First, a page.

Joel Kirkpatrick, an administrative assistant for the Fort Lewis College Music Department, died Nov. 17 2018 after a short battle with cancer at the age of 59.
Kirkpatrick’s memorial service was held on Dec. 9, 2018 in Roshong Recital Hall on campus where community members remembered his life.
Kirkpatrick started working at FLC in September 2011 and worked on campus serving students in the music department in a number of ways during his almost eight years working at the college.
He was in charge of the instrument inventory, worked on much of the department’s paperwork, and brought people to campus for different events for the students, Marc Reed, chair and associate professor of music, said.
Kirkpatrick also worked as an administrative assistant for both the philosophy and political science departments as well, Justin McBrayer, chair of the philosophy and political science departments said in an email to The Independent.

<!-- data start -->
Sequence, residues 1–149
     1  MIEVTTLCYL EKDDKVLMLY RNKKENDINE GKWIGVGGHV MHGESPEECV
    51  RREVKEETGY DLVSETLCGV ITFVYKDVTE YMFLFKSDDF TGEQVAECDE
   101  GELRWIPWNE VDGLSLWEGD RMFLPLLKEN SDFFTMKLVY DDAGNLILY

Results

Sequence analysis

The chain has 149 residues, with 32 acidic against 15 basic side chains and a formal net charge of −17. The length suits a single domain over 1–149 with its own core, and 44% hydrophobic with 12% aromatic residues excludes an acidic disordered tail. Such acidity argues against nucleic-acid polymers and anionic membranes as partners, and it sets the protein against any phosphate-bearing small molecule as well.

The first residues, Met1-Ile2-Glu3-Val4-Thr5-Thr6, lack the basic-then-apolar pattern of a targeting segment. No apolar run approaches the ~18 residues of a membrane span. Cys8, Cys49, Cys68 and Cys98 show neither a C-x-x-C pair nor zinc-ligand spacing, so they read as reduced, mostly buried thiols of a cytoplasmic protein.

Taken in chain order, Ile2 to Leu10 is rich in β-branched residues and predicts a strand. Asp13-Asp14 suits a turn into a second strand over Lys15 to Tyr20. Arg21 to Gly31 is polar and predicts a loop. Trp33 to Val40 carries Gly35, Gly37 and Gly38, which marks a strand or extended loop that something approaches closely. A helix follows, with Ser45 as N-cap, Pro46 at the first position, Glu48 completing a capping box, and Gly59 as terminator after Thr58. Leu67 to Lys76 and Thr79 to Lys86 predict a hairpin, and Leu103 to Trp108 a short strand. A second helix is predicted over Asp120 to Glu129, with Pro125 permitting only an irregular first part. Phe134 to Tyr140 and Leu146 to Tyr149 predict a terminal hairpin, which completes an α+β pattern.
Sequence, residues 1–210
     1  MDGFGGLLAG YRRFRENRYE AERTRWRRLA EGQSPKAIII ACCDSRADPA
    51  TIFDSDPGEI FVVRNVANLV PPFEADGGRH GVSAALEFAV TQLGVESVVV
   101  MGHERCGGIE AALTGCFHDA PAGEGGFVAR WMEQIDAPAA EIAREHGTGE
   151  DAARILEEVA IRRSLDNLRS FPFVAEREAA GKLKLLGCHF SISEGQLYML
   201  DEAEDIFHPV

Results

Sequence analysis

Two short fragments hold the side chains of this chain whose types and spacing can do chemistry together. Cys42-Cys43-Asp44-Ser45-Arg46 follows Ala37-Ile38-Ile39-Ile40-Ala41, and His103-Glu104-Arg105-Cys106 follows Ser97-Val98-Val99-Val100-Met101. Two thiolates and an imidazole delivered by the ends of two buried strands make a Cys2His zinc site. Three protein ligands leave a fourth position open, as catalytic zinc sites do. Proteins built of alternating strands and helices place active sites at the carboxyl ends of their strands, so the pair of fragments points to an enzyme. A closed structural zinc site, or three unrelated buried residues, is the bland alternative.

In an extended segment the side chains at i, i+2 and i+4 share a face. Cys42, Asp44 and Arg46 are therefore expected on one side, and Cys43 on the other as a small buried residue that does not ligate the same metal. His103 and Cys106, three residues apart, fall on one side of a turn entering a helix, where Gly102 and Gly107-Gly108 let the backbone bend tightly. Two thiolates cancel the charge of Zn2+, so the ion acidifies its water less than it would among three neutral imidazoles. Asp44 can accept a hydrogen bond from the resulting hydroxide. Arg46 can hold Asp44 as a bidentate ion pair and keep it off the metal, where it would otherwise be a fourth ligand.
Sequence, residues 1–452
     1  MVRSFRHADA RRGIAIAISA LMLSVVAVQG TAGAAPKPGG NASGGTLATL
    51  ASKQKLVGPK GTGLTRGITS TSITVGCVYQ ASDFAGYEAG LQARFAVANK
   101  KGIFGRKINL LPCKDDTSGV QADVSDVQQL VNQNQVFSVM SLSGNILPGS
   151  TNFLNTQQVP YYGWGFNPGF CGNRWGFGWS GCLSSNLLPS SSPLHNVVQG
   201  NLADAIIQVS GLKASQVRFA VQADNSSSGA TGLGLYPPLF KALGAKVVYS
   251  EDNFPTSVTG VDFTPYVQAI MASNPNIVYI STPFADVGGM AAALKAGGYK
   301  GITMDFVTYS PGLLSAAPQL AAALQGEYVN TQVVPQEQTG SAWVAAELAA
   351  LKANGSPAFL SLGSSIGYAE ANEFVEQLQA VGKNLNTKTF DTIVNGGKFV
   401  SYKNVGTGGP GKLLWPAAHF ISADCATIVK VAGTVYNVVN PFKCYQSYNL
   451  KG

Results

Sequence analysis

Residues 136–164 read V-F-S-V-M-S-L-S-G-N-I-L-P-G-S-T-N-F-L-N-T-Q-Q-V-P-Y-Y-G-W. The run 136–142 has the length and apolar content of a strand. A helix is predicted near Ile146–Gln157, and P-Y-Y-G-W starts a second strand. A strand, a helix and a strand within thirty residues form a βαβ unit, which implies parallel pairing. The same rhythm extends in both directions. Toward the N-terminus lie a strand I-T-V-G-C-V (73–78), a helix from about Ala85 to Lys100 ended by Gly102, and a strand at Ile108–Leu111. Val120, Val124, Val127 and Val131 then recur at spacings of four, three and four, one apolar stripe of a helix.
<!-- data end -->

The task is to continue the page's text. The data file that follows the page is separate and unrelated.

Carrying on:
Reed remembers Kirkpatrick as one of the most genuine people he ever met-saying he was extremely hardworking and extremely enthusiastic.
The students he interacted with also remember him fondly.
“He was very positive and kind and just an all around really nice guy,” Martha Sorrells, a former music education major, said.
She remembers how helpful he was during her time as a music major.
She recalled Kirkpatrick helping her by letting her rent a tuba to take home over break even though it went against policy.
Sorrells said that she was unaware of his recent diagnosis, and that he had been uncomplaining when he was around students.
“He was a complete and total trooper about it,” she said. “None of us really knew how bad it actually was.”
Reed said that Kirkpatrick was not sure that the problem was cancer this time around and believed it could be kidney stones.
He said that Kirkpatrick was open about his diagnosis and had shared the information with him, a professor in the philosophy department, and the Human Resources Department.
“He was really open about it and optimistic about it,” Reed said. “He had had, cancer, testicular cancer 25 years ago and had beat it so I think he was, I wouldn’t say overly optimistic, but very optimistic about this. I think he realized when it progressed it was a different and much more debilitating disease.”
Before he died he would put up a tree in Jones Hall every year, Sorrells said. His family put up a Christmas tree with a photograph of him in the Jones Hall foyer in his memory.